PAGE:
A couple of weeks ago, celebrity astrophysicist, podcaster, and TV host Neil deGrasse Tyson proposed an entire system of global government in a single tweet: “Earth needs a virtual country: #Rationalia, with a one-line Constitution: All policy shall be based on the weight of evidence.” This concept is admirable for its brevity… but not much else. While this particular hashtag hasn’t exactly gone viral (less than 400 posts so far), it has had a lot of reach (almost 800,000 viewers). It’s also generated a lot of discussion elsewhere, and US News, Slate, and Popular Science have all published op-eds attacking this popular scientist’s idea, and from several different angles.
Popular Science pointed out that science is merely an evolving tool. Slate’s Jeffrey Guhin lammed scientism, claiming that creationists are as scientifically adept as their evolutionist counterparts, and yet despite all this science they are still wrong. Robert F. Graboyes wrote for US News about several blood-soaked times that this “rational society” idea has been tried throughout history, and it’s a good read. We should never forget the “Temples of Reason” that presided over the French Reign of Terror, the sheer bodycount of “scientific socialism,” or the creeping horror of eugenic engineering.
But none of these articles criticizing the idea of science as a holy and pure ideal are complete. It is obvious that definitions of science change, and that imperfect human scientists will have flaws and foibles. It is even obvious that facts are not self-evident and statistics do not speak for themselves. Facts do not judge; they are judged. All evidence must be interpreted. All interpreters will have a lens through which they view the raw data; a worldview that shapes their conclusions.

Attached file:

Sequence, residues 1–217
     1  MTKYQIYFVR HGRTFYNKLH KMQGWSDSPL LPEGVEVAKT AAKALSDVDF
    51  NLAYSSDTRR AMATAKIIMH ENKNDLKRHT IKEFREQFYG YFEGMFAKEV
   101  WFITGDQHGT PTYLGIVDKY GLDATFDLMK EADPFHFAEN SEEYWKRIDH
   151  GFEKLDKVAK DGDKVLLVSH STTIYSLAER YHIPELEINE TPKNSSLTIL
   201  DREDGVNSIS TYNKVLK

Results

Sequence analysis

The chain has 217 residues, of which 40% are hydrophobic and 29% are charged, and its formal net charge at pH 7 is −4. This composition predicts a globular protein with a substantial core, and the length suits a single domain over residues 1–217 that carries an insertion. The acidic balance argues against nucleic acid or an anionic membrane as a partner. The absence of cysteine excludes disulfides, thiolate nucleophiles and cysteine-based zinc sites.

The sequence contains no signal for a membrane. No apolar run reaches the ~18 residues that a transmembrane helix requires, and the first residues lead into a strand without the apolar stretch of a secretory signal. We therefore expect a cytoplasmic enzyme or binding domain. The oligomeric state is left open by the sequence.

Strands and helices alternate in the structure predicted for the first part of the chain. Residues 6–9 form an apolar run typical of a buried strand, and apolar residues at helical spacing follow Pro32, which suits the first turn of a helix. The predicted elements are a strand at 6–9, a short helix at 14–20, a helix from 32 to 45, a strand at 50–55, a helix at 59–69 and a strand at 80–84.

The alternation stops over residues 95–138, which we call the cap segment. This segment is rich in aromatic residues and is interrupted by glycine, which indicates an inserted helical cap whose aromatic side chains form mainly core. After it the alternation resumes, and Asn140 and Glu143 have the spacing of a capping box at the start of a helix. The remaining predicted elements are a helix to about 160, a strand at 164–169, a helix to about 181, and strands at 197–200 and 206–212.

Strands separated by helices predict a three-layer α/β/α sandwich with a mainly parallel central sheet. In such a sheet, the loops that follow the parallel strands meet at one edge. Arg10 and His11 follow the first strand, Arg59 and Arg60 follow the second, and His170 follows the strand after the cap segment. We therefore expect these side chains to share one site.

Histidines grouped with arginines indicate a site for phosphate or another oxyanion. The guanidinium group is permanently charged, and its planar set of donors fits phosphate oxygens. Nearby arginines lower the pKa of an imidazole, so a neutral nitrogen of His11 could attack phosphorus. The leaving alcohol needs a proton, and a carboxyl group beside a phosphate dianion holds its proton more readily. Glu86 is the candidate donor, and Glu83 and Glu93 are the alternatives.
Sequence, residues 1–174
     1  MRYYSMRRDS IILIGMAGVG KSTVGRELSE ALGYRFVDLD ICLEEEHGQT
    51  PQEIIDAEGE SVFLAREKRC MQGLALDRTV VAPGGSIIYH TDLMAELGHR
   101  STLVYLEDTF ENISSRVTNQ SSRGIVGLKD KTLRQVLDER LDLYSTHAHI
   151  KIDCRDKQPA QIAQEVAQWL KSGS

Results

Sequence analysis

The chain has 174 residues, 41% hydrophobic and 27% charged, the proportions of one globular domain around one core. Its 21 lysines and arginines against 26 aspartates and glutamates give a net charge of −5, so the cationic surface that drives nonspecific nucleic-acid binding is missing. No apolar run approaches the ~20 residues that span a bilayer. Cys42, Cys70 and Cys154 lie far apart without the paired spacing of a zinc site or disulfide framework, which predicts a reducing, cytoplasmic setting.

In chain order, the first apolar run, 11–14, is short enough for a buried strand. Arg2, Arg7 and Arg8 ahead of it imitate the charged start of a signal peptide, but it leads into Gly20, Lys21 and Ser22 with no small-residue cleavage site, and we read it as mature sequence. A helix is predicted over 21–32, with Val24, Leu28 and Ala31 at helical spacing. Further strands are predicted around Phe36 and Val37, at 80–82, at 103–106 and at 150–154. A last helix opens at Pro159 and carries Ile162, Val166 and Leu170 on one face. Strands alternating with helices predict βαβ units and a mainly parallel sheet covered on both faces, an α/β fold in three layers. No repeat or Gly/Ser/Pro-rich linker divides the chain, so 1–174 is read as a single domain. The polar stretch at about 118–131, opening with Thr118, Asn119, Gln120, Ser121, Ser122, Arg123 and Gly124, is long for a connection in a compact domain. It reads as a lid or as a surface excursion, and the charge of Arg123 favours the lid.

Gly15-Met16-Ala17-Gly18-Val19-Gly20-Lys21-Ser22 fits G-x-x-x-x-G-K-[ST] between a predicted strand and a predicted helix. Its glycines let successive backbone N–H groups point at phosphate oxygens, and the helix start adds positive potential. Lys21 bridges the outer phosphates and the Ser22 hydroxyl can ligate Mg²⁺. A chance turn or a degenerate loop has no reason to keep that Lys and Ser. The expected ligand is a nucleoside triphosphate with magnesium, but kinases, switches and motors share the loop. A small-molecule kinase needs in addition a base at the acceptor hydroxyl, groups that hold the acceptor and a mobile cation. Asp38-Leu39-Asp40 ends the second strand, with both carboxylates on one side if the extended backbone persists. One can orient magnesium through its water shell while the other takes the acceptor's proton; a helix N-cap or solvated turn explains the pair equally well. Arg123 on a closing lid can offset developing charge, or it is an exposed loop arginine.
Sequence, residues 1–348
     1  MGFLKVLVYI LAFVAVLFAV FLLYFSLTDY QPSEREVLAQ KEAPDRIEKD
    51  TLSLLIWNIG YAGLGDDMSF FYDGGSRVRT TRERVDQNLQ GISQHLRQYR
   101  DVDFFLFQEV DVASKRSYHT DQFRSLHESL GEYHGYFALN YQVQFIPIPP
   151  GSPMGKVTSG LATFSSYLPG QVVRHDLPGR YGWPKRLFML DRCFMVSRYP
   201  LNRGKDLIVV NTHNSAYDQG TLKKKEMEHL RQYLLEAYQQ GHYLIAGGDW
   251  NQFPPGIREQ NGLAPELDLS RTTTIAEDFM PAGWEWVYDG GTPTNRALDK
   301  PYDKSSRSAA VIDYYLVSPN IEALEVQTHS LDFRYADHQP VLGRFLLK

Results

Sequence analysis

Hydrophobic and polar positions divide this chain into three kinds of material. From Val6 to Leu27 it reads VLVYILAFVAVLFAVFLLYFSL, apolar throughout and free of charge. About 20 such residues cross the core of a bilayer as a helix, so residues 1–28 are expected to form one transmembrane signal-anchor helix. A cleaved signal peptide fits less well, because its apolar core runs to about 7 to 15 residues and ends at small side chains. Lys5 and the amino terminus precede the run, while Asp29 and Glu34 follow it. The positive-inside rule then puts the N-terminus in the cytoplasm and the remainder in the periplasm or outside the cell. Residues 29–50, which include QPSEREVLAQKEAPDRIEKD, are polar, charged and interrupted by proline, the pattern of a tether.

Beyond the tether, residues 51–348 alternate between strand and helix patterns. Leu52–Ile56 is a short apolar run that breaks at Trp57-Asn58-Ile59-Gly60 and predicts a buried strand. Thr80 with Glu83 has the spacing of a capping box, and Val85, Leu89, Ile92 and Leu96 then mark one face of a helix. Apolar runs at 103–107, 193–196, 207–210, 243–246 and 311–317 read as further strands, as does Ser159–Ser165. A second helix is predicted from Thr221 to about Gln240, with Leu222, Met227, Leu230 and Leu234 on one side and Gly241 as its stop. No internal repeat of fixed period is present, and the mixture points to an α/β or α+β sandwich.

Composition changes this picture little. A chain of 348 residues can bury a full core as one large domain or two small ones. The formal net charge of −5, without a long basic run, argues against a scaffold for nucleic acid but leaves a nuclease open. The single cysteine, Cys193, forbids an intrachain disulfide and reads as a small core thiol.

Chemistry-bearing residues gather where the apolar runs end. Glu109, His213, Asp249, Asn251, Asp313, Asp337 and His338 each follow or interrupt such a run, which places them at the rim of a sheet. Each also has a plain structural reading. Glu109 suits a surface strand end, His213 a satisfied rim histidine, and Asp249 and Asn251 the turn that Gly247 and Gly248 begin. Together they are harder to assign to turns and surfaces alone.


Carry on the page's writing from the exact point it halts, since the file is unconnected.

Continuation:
Tyson, of course, has his own lens. As an astrophysicist, he is literally focused on the stars. However, he comments on other fields of science often, although usually about science in general, and sometimes religion. He has claimed that “God is an ever-receding pocket of scientific ignorance,” and that “the stated authority of a thousand is not worth the humble reasoning of a single individual.” But who gets to define reason? According to Tyson’s worldview, it is pure science – hard facts and blind truths – that will somehow fully define reason and rationality, as well as morality and ethics.
Now, astrophysics is a pretty heady discipline. I am not criticizing Tyson’s brains in this post, merely his lens. His worldview is that science bestows reason regardless of worldview. He presupposes that scientific understanding is not dependent on presuppositions. As Christians, we understand that the fear of the Lord is the beginning of wisdom, and that we must start with that presupposition in seeking knowledge and understanding. This is why theology has historically been referred to as the “Queen of the Sciences.”
Without a transcendent standard informing your presuppositions, you’ll never know whether to a priori or a posteriori your own arguments, and the next thing you know you find yourself assuming that super-intelligent aliens are inflicting Donald Trump on us for their own amusement. Evidently this is the most rational conclusion.
For those wanting to read more about Christian Epistemology, I suggest The Word of Flux by R.J. Rushdoony. It’s a short book that explains the problem of knowledge in science, philosophy, and theology very well.